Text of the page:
It’s been three weeks and a lifetime since my last post and I’m feeling more than a little bit wobbly writing again. In part, I’m fighting tears because I can’t believe how much my life has changed since I last sat down and typed, in part I’m looking outside and rejoicing in the fact that I see pink stubs on our cherry tree. After three weeks of dark winter, we’re on the cusp of spring — a delicate place on the brink of new life, new colors, a fresh start.

On Jan. 27, my husband William, my very best friend, was admitted to hospital after an EKG showed his heart was beating at 168 beats a minute. Shortly after medicine did not work to get it to slow down, the cardiologist led me to an ICU waiting room so he could shock William’s heart.

“His heart is beating in a disorganized way,” he explained to me. “We’re going to shock him to get it beating correctly and hopefully figure out what’s going on.”

As I sat in the tiny room, I called my little brother Matthew and bawled into the phone, feeling this need to keep opening my eyes wider and then wider so I could just wake up.

Twenty minutes later, the cardiologist told me I could see him. And when I walked into room 179, I saw my best friend stuck with tubes, wearing a polka dot gown, surrounded by nurses wearing scrubs. It’s amazing how small people look in a hospital bed.

William was in atrial fibrillation — which is when the heart’s two upper chambers contract very fast and irregularly. The inefficient way his heart was pumping had caused fluid to collect in his lungs. That pulmonary edema was causing him to cough and be short of breath.

Earlier that morning, he thought he just had a bad case of bronchitis.

Over the next six hours, I watched the lightning bolts of his heart’s rhythm on a monitor. I learned that the white number showed how much oxygen he was able to breath in. The purple number was his blood pressure. The green number meant how many breaths he was taking each minute.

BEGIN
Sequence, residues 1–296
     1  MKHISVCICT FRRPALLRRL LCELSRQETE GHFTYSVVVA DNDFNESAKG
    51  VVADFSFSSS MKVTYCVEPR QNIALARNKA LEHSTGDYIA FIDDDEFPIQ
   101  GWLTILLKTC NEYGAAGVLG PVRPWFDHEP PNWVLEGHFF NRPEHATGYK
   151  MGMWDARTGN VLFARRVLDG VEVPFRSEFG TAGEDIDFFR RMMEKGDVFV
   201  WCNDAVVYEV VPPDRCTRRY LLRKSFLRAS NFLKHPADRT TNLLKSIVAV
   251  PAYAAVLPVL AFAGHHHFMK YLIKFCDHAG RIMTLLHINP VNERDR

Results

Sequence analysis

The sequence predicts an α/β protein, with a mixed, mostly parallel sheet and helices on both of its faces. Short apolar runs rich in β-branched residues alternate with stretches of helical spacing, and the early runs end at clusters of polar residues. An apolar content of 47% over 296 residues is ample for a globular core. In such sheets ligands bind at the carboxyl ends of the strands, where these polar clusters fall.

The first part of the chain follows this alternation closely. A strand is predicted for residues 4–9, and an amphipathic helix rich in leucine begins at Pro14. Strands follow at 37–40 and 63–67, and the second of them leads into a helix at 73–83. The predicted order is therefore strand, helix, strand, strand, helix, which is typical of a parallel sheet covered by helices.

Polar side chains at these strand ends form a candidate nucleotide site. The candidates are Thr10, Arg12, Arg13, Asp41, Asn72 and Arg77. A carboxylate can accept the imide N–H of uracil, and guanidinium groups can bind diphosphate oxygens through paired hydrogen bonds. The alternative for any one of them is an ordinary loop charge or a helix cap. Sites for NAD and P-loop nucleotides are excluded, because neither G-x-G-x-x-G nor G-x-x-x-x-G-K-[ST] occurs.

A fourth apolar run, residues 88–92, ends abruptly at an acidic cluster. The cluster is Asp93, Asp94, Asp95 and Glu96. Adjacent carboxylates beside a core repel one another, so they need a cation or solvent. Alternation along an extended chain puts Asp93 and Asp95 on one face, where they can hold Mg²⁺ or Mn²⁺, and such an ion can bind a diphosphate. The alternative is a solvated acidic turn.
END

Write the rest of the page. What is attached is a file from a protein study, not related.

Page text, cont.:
That night, we slept, he in his constantly inflating bed, me in the recliner beside him. I woke up somehow feeling light and refreshed. William looked a lot better — he’d managed to sleep, the first time in several days since his cough had been keeping him up. I was sure that when the cardiologist came into the room, rather than an avalanche of medical jargon, I would only be reassured with: “He’s OK,” “He’s going to be fine,” “Everything is going to go back to normal.”

But that didn’t happen. We spent another night in the hospital and during that night William started coughing again.

“I feel wet,” he told the nurse, referring to fluid in his lungs. She called the cardiologist and he ordered her to give William another shot of medicine to get the fluid to drain. That morning an echocardiogram showed he was in heart failure.

I write this now and, it’s funny, it still doesn’t feel real. Especially sitting at this dining room table where I write day after day with no change in routine, it seems oddly amazing that a giant hammer has slammed down and interrupted our lives and yet this dining room table is still standing and my computer still works and the trees are preparing to bloom. Almost as if nothing has happened.

But it has. The doctors have diagnosed William with viral cardiomyopathy. Basically a virus — which one we will likely never know — has attacked his heart and is holding it hostage until it decides to let go. Whether that will happen and he can recover, we don’t know — but we’re very hopeful.

Not knowing what will happen is a scary and exhausting thing. I have spent a lot of minutes standing at the bedroom door watching him sleep, watching that chest rise and fall, wanting to dive in and heal his heart or trade his with mine.

But when things get out of hand, I’ve learned that I need to carve our time into the tiniest of fractions, mince it like garlic if I have to, so I can observe progress. He is home. He is eating and sleeping. His cough is mostly gone. He walked farther today than he did yesterday. He doesn’t yawn as much. He is young. He is healthy. And spring is coming.

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